“Thirty-two. We have a daughter that age.”
“I’m sorry,” Matt said again.
“Don’t be. It’s the flip side of what we said before. About intimacy and sex.”
“The truth is, like most women my age, I have very little interest in sex. Yes, I know Cosmo and the like will tell you differently, what with all that nonsense about men peaking at nineteen and women in their thirties. But in reality, men are always hornier. Period. To me sex no longer has anything to do with intimacy. Clark, on the other hand, needs it. So that’s all she is to him, this young girl. Sex. A release. A physical need.”
“And that doesn’t bother you?”
“It’s not about me.”
Matt said nothing.
“When you think about it, it’s simple: Clark needs something that I have no interest in providing. So he goes elsewhere.” Sonya saw the look on his face. She sighed, put her hands on her thighs. “Let me give you an example. If Clark loved, say, poker and I didn’t want to play . . .”
“Come on, Sonya. That’s not the same thing.”
“Oh, but isn’t it?”
“Sex and poker?”
“Okay, fine, let’s keep it on the physically pleasing. A professional massage. Clark gets rubdowns at his club every week from a masseur named Gary—”
“That’s not the same thing either.”
“But don’t you see? It is. Sex with this girl isn’t about intimacy. It’s just a physical thing. Like a back rub or a handshake. So shouldn’t it be okay with me?”
Sonya looked up at him and waited.
“It wouldn’t be okay with me,” Matt said.
There was a small smile on her lips. Sonya liked mind games. She liked a challenge. He wondered if she meant what she said or if she was merely testing him. “So what are you going to do?” she asked him.
“Olivia comes home tomorrow.”
“You think you can wait till then?”
“I’m going to try.”
Her eyes stayed on him.
“What?” he asked.
“We can’t escape it, can we? I thought . . .” She stopped.
“You thought what?”
Their eyes locked. “I know it’s a terrible cliché, but it all felt like a nightmare. The news about Stephen. The trial. I kept expecting to wake up and find it was all some cruel joke, that everything was okay.”
He’d felt the same way. He was stuck in a bad dream, waiting for the Candid Camera climax when Stephen would show up unharmed and smiling.
“But now the world feels like the opposite, doesn’t it, Matt?”
“Instead of believing the bad is a nightmare from which you’ll awaken,” she went on, “you think it’s the good that’s an illusion. And that’s what this call on your camera phone did. It woke you from the good dream.”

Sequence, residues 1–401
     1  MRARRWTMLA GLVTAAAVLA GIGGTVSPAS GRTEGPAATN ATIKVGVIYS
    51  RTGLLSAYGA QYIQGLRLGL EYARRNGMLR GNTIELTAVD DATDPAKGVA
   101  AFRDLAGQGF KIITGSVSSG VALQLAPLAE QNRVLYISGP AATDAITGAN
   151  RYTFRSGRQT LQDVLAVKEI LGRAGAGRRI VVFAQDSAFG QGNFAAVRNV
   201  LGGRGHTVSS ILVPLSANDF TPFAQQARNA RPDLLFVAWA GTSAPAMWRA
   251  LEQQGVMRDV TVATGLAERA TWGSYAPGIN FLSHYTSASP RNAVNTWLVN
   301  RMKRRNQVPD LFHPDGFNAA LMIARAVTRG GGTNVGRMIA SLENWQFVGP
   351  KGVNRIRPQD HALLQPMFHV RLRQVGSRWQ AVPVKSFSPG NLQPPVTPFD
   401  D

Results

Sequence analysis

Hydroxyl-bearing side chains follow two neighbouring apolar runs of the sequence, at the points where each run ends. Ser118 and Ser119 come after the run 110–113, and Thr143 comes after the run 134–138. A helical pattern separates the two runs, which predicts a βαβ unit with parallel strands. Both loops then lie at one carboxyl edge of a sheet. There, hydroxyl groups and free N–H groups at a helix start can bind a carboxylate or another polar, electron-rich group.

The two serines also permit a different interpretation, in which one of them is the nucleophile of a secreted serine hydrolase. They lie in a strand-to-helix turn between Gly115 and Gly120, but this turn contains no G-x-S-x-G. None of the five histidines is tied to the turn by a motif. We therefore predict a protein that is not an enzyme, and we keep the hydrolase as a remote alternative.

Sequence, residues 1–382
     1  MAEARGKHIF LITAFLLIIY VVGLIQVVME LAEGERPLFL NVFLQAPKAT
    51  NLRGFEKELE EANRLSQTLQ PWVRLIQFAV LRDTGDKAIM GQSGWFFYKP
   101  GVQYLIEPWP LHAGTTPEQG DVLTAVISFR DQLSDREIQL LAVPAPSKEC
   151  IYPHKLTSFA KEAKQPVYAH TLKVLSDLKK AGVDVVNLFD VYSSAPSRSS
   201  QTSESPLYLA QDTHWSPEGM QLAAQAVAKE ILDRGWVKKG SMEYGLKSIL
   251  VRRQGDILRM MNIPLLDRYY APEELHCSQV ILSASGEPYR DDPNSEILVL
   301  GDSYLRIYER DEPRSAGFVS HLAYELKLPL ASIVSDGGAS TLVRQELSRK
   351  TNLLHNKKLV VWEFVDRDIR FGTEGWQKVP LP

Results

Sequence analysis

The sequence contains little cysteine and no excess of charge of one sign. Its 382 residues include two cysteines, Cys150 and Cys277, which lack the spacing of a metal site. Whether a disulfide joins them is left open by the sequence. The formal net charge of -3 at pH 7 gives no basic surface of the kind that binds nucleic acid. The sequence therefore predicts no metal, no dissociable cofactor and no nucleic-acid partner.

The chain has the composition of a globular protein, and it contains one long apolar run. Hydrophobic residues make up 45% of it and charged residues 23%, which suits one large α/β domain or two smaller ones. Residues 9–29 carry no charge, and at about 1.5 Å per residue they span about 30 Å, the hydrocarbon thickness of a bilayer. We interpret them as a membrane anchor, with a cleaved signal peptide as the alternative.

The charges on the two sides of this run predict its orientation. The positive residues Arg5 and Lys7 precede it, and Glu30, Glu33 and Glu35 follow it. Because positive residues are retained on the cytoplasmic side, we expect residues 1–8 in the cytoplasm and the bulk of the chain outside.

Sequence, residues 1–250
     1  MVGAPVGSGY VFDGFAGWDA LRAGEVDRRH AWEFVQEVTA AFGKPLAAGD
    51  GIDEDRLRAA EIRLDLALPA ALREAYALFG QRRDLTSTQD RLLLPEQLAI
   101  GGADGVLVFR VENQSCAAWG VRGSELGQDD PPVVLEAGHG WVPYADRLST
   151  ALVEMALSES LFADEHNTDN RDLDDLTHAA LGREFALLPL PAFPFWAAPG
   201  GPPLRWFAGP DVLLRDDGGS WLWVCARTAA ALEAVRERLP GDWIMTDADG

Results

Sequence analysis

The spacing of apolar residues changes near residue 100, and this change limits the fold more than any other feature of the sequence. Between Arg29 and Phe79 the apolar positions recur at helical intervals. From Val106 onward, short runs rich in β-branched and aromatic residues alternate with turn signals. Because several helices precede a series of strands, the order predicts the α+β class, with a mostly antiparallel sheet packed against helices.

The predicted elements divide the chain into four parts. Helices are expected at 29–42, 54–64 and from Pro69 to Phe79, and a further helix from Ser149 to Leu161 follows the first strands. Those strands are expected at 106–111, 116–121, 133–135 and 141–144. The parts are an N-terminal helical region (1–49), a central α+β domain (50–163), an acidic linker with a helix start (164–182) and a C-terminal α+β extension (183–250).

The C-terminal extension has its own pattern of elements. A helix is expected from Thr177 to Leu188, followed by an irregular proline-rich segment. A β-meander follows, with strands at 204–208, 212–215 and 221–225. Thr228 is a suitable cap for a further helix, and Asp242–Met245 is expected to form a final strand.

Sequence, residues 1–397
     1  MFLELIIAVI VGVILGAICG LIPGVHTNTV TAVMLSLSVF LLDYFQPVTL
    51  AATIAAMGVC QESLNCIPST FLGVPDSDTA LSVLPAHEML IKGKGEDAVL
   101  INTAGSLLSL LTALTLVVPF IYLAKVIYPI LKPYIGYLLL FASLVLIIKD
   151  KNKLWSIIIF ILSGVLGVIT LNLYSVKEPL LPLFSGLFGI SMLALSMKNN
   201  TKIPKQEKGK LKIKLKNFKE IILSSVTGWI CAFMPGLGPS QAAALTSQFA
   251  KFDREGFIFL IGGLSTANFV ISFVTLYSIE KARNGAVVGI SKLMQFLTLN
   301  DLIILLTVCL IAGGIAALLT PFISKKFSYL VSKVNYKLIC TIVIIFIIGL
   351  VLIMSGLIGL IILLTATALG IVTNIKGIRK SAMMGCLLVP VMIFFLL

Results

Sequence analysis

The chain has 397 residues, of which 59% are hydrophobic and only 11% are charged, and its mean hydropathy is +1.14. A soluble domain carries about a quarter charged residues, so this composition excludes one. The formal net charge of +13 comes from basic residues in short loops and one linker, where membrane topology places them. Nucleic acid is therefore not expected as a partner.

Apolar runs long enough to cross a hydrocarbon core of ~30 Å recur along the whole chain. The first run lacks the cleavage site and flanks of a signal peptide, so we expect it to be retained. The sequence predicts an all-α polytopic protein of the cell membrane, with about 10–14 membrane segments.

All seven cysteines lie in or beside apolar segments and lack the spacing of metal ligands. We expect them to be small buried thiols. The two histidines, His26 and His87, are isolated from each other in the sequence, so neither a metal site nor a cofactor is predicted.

He could not speak.
“I know that I’ll never get past what happened,” Sonya McGrath said. “It’s simply not possible. But I thought . . . I hoped maybe you could.”
Matt waited for her to say more. She did not. She rose suddenly, as if she had said too much. They headed together for the exit. Sonya kissed him on the cheek and when they hugged, they both held on longer than usual. He could, as always, feel the devastation emanating from her. Stephen’s death was there, in every moment, in every gesture. He sat with them, their forever companion.
“If you need me,” she whispered, “you call. Anytime.”
He watched her walk away. He thought about what she had said, about the fine line between the good dreams and the bad, and then, when she finally disappeared around the corner, he turned away.
WHEN MATT REACHED Rolanda’s desk, she said, “Cingle’s waiting in your office.”
“Midlife wants me to buzz him the very second you arrive.” Rolanda looked up. “Have you arrived yet?”
“Give me five.”
She turned back to the computer terminal and started typing. Matt entered. Cingle Shaker was standing looking at the window. “Nice view,” she said.
“Nah. That’s just my idea of small talk.”
“You’re very good at it,” he said.
“I thought you were just a paralegal.”
“So why the fancy digs?”
“It was my brother’s.”
“So Bernie was a big rainmaker here.”
“So?” Cingle turned toward him. “I don’t want to sound cold, but he’s dead.”
“I think you were being hard on yourself before. You really are good at this small talk stuff.”
“No, I mean, he’s been dead for, what, three years now? I can’t believe they let an ex-con paralegal keep a space like this.”
He smiled. “I knew what you meant.”
“So what gives?”
“Maybe they’re being respectful to my brother’s memory.”
“Attorneys?” Cingle made a face. “Please.”
“Actually,” he said, “I think they like having me around.”
“Because you’re such a nice guy?”
“Because of the ex-con angle. I’m a fun oddity.”
Cingle nodded. “Kinda like having a lesbian couple at your hoity-toity soiree.”
“Something like that, but even more exotic. It’s funny. In some ways I’m the ultimate curiosity. Whenever they’re drunk, they all ask me, on the sly, of course, what it’s really like for a guy like them to go to the”—he made quote marks with his fingers—“Big House.”
“You’re like a local celebrity.”
“In a bizarre way, yeah.”
“And that’s why they don’t throw you out of the office?”
“They might also be afraid of you,” Cingle said. “You already killed one man with your bare hands.”
He sighed and took his seat. Cingle took hers.
“Sorry,” she said.
He waved her off. “What’s up?”
Cingle crossed her long legs. It was for effect, he knew that, but he wondered if it had become something of an unconscious move on her part. “So tell me,” she said. “Why did you want the license plate traced?”